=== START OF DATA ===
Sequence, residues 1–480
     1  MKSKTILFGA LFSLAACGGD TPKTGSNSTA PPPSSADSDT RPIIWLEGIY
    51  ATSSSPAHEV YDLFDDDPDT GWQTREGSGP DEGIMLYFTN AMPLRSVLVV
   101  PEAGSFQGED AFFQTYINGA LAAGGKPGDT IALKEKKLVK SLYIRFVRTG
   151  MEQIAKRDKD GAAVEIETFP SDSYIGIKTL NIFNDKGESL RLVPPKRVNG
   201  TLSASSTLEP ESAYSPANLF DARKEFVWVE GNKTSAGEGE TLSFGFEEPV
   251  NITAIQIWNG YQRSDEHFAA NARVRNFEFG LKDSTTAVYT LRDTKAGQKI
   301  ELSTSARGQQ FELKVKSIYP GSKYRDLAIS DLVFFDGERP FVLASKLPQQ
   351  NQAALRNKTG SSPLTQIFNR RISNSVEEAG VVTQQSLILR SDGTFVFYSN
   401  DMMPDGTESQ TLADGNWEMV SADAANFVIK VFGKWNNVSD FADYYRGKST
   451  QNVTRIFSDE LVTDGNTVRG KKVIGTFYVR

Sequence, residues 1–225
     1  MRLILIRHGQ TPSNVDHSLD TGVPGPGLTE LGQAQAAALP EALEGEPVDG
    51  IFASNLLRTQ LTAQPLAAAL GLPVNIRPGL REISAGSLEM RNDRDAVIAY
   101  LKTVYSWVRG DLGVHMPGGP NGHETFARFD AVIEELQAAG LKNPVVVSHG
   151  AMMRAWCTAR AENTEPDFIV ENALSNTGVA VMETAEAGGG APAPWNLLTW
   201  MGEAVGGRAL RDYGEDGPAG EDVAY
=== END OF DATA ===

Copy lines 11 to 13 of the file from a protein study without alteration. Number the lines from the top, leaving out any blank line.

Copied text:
   451  QNVTRIFSDE LVTDGNTVRG KKVIGTFYVR

Sequence, residues 1–225
     1  MRLILIRHGQ TPSNVDHSLD TGVPGPGLTE LGQAQAAALP EALEGEPVDG